Continued From Part One
The second case involved a sixteen-year-old male in the ICU unit with suspected bacterial hypoxic respiratory failure associated with viral pneumonia.
The teen’s history included painful elbows and knees that had been resolved with NSAID. He was admitted to ICU with congestion, cough, fever, and myalgias. He tested negative for COVID-19.
The medication he was given, azithromycin, did not improve his condition. He tested positive for influenza A and was given doxycycline and amoxicillin but became weak and had difficulty breathing. His heart rate was over 100 beats per minute (tachycardia).
The patient received a repeat chest X-ray which indicated the development of a collapsed lung (bilateral pneumothoraces). Dense opacities were found in both of his lungs.
On the second day of his hospitalization, the patient was given cardiopulmonary support for respiratory failure. Test results showed pulmonary hemorrhage which occurs with blood leaking into the lung from vessels in airways or windpipes.
After additional tests, the patient was placed on VV ECMO, an essential tool for patients who have serious pulmonary and cardiac dysfunction. An echocardiogram was conducted, and cardiology was consulted.
The patient was treated with a broad spectrum of antibiotics (Vancomycin, Cefepime, Gentamicin) to combat pneumonia or infections to the heart or heart valves (endocarditis).
The ICU team placed the patient on methylprednisolone from day 2 to day 4 with positive results.
On days six and seven, upon examination, the patient developed hemorrhages and small red spots (petechiae) consistent with inflammation of minor blood vessels (leukocytoclastic vasculitis).
On day 9 in the hospital, the team consulted rheumatology with evidence of additional blood in the urine (hematuria). The infectious workup results were negative. There was a concern for a rheumatologic disorder.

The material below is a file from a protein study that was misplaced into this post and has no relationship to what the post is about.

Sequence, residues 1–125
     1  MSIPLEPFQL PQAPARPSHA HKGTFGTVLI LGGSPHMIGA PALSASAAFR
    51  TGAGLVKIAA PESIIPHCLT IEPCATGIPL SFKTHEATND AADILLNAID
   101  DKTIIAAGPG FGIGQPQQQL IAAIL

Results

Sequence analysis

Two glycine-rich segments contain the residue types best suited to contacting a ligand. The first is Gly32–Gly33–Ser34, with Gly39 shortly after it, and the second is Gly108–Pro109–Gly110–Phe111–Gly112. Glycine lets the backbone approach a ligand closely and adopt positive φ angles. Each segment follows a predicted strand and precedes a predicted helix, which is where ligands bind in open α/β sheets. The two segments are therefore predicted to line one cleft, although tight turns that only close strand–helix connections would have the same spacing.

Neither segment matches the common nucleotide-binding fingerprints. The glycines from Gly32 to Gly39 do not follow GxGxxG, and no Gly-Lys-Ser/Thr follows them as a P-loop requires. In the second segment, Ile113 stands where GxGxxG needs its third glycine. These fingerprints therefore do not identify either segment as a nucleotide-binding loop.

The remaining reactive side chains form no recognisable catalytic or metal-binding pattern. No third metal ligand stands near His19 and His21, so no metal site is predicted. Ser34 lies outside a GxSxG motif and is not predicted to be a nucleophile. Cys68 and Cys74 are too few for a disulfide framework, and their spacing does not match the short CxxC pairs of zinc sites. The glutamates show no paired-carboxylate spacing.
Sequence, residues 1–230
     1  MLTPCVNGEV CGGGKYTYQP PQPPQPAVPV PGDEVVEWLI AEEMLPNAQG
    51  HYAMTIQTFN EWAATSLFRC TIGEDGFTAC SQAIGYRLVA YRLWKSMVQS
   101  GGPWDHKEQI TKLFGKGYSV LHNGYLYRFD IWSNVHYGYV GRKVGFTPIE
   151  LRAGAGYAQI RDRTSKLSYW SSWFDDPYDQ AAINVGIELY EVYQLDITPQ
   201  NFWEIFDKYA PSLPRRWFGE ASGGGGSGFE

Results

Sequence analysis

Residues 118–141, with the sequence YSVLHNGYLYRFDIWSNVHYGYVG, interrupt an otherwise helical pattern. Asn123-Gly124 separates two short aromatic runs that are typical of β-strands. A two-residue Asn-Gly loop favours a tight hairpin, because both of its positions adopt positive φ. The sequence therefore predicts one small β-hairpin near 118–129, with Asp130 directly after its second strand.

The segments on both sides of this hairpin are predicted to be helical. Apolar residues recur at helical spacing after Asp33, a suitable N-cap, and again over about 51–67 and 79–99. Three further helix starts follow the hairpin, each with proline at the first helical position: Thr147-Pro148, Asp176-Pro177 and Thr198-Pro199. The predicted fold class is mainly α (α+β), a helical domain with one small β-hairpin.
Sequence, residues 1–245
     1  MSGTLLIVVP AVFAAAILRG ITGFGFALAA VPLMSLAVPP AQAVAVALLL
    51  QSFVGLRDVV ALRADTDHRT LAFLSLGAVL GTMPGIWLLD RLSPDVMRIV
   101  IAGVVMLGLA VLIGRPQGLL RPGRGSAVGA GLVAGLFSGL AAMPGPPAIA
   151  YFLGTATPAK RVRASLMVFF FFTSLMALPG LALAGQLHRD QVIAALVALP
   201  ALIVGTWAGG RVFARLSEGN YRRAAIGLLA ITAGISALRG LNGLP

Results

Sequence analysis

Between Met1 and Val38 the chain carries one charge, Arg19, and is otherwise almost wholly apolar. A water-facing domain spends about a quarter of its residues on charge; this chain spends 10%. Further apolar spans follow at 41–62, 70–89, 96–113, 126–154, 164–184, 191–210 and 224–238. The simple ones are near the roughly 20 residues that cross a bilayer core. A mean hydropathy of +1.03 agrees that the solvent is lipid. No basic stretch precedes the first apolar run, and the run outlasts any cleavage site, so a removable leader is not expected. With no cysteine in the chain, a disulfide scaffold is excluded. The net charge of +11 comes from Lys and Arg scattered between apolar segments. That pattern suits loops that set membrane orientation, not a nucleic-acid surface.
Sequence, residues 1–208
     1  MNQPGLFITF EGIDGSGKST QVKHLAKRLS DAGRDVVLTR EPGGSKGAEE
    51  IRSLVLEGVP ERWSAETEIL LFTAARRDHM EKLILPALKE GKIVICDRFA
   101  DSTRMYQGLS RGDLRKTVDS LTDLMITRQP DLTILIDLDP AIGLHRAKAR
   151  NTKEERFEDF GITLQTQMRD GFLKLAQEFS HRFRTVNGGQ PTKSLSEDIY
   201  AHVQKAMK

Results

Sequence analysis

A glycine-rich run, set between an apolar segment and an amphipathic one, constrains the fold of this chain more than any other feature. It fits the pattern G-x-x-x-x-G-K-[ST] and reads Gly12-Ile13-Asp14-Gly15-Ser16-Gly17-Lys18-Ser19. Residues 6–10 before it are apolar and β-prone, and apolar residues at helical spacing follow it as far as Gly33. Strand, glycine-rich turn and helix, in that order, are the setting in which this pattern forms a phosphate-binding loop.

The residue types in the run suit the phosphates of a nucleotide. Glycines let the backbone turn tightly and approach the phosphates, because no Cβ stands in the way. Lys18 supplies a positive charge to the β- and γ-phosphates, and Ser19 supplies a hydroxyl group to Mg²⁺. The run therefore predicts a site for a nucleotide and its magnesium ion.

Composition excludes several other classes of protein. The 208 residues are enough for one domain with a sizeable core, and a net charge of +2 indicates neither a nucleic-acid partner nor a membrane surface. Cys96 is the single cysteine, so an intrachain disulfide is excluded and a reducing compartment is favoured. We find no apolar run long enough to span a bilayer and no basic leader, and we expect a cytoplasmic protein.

The patient’s ANCA panel was sent for evaluation that day. Results were returned within five days. They were consistent with the pattern for c-ANCA.
By day 11, the patient’s renal condition had deteriorated. He presented a higher than normal level of potassium in his bloodstream (hyperkalemia) requiring Veno-Venous hemofiltration. This is a temporary treatment for patients unable to tolerate hemodialysis. At the same time, the patient began treatment with methylprednisolone 500mg and five days of plasmapheresis.
The five-day course of plasmapheresis consisted of withdrawing blood plasma and separating it into cells and plasma. The cells are returned to the bloodstream by way of retransfusion.
Plasmapheresis is especially suited to the removal of antibodies to treat autoimmune conditions.
The patient’s kidney and lung function improved once he began treatment with plasmapheresis and pulse methylprednisolone.
The temporary Hemofiltration CVVH was discontinued on day 19. On his 20th day in the hospital, the tracheostomy tube was removed (decannulated).
Day 22 began with a renal biopsy supporting a diagnosis of granulomatosis with polyangiitis (GPA), an uncommon disorder causing inflammation of blood vessels. It is one of the vasculitis disorders that slows blood flow to various organs.
The patient is now eighteen months post-diagnosis and on maintenance doses of 100mg of rituximab every 6 months.
The original report is available here.
The two patients eventually experienced an improvement in their conditions while being treated with high-dose methylprednisolone, rituximab, and plasma.
Only five pediatric cases of cardiac valvular involvement have been associated with GPA.
With respect to ANCA, if cardiac involvement is discovered, it is imperative to conduct an infectious workup. The purpose is to identify infectious diseases and confirm ANCA-associated vasculitis before initiating immunosuppressive therapy.